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ERIC Number: EJ1129320
Record Type: Journal
Publication Date: 2017
Pages: 13
Abstractor: ERIC
ISSN: ISSN-0161-956X
Urban Regimes, Intermediary Organization Networks, and Research Use: Patterns across Three School Districts
Scott, Janelle; DeBray, Elizabeth; Lubienski, Christopher; La Londe, Priya Goel; Castillo, Elise; Owens, Stephen
Peabody Journal of Education, v92 n1 p16-28 2017
Recent advances in conceptualizing structures of influence in education policymaking have emphasized the role of nongovernmental actors working in networks to promote their agendas. These useful insights have allowed researchers to consider the evolution from "government" to "governance" in education policymaking, broadening the analytical scope for scholars to understand patterns of power and influence. The scholarly quest to map these actors and networks often neglects the political contexts in which these networks operate. The authors of this article write that they have found from their multiyear (2011-2014), cross-case study of research use in education policymaking that analysis of the political policy landscape is critical for developing a useful theoretical understanding of how these networks are formed, structured, and operate, and how evidence on educational policies is produced, promoted and utilized within and across networks. This article extends the authors' work on intermediary organizations (IOs) operating in advocacy networks, particularly in advocating around "incentivist" policies-that is, policies such as charter schools or merit pay for teachers that seek to capitalize on incentives to increase the effectiveness of individuals and organizations. The authors explain that IOs can take a number of forms, including think tanks, foundations, media outfits (including new media such as bloggers), and other advocacy organizations (Figure 1 shows their conception of the scope of definition of IOs). The key feature that unites these disparate organizational types is their common role in the space between research producers and users, where they often serve the function of brokering transactions around research evidence to be used (or not) in advocating for particular policy changes.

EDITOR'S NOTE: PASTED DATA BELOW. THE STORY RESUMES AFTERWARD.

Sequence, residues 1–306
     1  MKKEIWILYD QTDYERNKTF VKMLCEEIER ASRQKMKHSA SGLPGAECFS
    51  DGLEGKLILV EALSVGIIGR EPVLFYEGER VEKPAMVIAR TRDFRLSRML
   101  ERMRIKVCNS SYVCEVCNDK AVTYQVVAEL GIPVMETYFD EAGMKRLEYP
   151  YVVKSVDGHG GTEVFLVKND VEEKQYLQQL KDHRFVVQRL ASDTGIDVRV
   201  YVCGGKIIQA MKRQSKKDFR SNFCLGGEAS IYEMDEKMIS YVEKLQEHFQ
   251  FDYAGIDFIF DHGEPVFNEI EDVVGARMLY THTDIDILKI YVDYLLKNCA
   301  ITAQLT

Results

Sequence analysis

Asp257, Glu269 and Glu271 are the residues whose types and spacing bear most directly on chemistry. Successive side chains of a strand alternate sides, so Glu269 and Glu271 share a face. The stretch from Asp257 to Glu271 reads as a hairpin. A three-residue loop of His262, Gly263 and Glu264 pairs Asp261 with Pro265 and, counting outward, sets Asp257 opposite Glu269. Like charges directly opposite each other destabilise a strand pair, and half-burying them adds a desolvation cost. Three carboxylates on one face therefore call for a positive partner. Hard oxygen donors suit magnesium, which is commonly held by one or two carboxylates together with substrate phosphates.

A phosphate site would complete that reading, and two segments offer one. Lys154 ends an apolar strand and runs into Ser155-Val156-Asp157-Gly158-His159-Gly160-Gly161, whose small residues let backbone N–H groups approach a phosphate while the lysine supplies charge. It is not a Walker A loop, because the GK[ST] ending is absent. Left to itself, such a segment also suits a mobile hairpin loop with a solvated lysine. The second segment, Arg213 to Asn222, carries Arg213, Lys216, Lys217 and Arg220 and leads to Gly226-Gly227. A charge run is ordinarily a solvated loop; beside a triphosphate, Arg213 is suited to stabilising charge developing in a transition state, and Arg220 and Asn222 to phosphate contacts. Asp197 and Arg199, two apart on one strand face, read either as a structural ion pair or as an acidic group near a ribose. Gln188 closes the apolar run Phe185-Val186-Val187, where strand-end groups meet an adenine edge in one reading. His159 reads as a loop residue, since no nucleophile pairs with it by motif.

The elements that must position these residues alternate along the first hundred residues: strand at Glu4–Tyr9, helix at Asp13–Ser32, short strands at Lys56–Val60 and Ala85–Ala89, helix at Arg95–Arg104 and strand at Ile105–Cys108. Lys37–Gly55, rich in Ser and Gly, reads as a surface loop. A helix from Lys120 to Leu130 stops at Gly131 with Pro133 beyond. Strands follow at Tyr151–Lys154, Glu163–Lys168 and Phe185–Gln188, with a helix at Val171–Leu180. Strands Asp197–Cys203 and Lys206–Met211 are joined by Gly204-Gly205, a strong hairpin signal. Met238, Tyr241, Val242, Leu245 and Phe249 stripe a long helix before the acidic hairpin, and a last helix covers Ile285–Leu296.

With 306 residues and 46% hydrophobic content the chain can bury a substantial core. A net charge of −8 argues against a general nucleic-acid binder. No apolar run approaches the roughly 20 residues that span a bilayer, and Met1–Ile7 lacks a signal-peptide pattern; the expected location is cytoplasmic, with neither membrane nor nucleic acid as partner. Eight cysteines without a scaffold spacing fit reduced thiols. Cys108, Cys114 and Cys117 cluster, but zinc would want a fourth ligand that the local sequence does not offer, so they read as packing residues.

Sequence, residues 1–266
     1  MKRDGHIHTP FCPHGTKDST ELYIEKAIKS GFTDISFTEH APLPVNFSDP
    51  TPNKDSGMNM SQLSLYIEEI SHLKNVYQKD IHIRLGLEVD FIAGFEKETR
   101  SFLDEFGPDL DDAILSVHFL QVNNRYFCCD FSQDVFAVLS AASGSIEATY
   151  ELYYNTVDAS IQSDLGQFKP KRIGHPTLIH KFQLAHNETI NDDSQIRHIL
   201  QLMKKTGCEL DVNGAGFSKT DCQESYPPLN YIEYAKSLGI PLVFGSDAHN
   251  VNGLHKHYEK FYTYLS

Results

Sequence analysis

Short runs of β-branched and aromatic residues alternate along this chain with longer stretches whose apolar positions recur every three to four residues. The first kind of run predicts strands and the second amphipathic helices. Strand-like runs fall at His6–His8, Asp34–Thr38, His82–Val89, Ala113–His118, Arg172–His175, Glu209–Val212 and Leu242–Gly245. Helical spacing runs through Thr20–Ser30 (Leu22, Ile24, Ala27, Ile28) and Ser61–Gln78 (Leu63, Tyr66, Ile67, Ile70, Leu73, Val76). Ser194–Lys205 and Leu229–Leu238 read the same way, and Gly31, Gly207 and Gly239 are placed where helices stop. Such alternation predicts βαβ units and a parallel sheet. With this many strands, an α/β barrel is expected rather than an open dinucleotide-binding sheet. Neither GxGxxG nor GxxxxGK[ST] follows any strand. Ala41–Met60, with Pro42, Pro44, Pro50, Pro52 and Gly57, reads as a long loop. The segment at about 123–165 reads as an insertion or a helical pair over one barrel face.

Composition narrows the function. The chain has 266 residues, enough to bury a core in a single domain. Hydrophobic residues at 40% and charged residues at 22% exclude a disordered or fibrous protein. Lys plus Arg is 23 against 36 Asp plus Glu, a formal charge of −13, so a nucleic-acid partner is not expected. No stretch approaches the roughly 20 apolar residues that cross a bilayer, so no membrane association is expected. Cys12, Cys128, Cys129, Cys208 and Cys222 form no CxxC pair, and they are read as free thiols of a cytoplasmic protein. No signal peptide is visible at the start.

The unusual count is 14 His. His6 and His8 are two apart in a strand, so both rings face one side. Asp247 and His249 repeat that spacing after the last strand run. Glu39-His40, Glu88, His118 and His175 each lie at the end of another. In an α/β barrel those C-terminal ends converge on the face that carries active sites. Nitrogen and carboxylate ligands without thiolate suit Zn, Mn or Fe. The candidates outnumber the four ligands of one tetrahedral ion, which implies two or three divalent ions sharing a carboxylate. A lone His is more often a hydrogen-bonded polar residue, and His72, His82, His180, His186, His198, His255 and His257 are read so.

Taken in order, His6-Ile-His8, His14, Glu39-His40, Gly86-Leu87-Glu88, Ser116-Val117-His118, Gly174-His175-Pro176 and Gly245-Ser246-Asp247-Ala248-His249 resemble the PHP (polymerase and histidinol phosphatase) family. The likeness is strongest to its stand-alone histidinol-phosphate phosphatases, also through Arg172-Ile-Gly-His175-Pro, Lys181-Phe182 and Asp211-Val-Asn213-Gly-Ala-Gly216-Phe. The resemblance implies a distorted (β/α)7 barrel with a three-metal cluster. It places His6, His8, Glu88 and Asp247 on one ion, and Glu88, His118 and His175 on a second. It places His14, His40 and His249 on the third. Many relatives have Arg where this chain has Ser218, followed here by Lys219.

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Publication Type: Journal Articles; Reports - Research
Education Level: N/A
Audience: N/A
Language: English
Sponsor: N/A
Authoring Institution: N/A
Identifiers - Location: New York (New York); Colorado (Denver); District of Columbia; Louisiana (New Orleans)
Grant or Contract Numbers: N/A